A scene from The Aluminum Show
(Photo courtesy of the company)
A scene from The Aluminum Show
(Photo courtesy of the company)
Conceived in Israel by former dancer Ilan Azriel, The Aluminum Show, now in Charlotte, North Carolina as part of its national tour, does everything you can possibly imagine with its star element. In this fast-paced show -- some 20 segments occur in 80 minutes -- aluminum is inflated into pillows, shredded into streamers, shot out of canons, stretched out into a mammoth blanket, floated in mid-air, turned into hand and stick puppets, and repeatedly transformed into the agile Israeli troupe's costumes.

The cleverest of costumer Yaron Zino's creations may be the ones sported by the pretty usherettes who remind us to turn off our cell phones and electronic devices, each of them lit up like a human floor lamp. Other costumes are better described as habitats. Over and over, six dancers totally disappear into large aluminum ducts, which are then animated by Azriel's combination of choreography and puppetry. In an early segment, for instance, two of these aluminum ducts perform a pas de deux. With appendages and heads that occasionally droop from shoulder height to the floor, the dancers look like Slinky toys that have come salaciously to life in a mating dance.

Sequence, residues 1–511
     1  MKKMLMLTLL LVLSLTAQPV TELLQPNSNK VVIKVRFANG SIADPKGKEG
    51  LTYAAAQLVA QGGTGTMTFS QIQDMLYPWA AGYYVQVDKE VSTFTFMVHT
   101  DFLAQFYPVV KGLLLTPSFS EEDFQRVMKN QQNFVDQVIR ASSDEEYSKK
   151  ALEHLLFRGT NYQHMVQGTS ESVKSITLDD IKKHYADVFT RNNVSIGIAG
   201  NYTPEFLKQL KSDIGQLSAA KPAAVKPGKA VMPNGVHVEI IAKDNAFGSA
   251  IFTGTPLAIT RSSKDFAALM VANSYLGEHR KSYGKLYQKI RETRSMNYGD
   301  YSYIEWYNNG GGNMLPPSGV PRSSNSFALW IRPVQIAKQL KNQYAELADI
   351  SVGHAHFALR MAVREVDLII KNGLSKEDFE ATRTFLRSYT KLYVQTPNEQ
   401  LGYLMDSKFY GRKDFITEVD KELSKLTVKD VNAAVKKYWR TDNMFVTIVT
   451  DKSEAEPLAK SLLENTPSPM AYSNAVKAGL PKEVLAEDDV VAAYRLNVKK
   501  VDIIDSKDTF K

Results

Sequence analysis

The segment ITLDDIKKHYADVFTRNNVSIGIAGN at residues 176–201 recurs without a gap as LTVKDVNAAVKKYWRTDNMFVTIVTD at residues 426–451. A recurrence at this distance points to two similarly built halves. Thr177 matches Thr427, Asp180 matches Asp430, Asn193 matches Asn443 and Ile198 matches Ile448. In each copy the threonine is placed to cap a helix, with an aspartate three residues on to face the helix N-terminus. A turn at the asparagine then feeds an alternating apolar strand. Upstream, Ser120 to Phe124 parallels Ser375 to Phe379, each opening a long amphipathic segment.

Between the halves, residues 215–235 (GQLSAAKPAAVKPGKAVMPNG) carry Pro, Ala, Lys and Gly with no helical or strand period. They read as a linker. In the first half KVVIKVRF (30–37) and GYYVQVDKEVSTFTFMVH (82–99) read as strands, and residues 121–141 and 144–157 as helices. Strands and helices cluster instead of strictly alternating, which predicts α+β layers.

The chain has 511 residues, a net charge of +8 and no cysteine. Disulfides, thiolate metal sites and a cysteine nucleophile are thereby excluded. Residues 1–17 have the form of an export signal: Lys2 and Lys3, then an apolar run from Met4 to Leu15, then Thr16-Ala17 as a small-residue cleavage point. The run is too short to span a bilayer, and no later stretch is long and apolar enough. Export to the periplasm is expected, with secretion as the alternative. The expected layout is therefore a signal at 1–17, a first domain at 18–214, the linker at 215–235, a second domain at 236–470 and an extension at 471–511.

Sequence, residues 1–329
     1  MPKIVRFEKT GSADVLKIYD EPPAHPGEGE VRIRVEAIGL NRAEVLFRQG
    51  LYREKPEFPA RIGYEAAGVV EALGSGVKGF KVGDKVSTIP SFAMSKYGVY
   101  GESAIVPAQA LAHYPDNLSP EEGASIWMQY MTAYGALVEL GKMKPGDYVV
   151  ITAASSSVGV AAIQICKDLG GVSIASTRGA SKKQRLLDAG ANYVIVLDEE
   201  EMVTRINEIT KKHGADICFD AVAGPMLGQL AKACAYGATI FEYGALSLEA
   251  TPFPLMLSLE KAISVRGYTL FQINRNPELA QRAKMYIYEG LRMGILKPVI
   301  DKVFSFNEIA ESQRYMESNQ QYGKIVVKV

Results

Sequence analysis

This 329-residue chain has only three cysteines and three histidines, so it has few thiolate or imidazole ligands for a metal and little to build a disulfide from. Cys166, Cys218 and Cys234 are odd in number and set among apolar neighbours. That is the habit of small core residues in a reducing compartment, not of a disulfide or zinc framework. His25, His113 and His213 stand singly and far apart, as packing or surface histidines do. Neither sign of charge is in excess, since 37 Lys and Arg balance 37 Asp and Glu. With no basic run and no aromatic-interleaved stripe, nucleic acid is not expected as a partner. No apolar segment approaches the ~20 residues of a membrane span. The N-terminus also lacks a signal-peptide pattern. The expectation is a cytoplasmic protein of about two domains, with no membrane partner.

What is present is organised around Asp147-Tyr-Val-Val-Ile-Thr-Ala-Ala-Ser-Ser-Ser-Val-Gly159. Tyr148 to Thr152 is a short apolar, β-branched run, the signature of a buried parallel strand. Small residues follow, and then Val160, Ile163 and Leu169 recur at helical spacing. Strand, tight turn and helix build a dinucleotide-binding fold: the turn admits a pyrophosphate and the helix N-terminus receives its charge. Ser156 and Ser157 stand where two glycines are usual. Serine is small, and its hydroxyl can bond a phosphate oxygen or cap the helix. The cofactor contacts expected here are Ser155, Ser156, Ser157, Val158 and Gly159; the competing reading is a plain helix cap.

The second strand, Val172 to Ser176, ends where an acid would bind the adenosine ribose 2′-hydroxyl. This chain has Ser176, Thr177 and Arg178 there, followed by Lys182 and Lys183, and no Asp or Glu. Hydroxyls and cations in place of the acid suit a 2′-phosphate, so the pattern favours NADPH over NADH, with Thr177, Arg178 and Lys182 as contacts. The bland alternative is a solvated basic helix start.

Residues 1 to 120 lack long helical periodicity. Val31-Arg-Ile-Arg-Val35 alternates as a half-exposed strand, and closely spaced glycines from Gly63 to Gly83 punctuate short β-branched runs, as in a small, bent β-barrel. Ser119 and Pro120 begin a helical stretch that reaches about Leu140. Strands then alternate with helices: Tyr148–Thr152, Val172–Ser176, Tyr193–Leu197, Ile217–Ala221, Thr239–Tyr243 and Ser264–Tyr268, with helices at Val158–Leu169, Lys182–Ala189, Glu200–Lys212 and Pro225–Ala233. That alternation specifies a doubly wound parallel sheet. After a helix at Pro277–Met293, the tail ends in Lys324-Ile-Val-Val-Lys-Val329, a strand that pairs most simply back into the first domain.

We segue from that torrid tryst to a segment puppetry fans are sure to love. A phalanx of black velvet screens -- the sort used by puppeteers to levitate their iridescent creations in black-light shows -- is stretched across the stage. Little aluminum inch-worm ducts then appear, peeping out of the numerous orifices along the black wall, singing and dancing to a medley of "Stayin' Alive" and "Ghostbusters." At one point, the six lead performers -- four wielding appendages attached to wands and the other two manipulating a head and chest -- form a rudimentary giant creature onstage that is then marched out into the theater.

The music is mostly in an electronic vein, composed by Avi Belleli, Rafael Soffer, and Itay Bachrach. Volume increases as the show moves along, and action becomes progressively more frenetic with repeated forays into the audience. As the orchestra section is invaded by streamers and inflated pillows, and then overrun by gargantuan ducts that begin upstage and snake out over nearly all the seats, the party atmosphere and controlled chaos are very much akin to the climactic moments of Slava's Snowshow.

Kids will go crazy over all of this silver-and-black spectacle, but the best family magic occurs when an audience member is brought onstage, wrapped in foil, and eaten by an aluminum duct. He simply disappeared!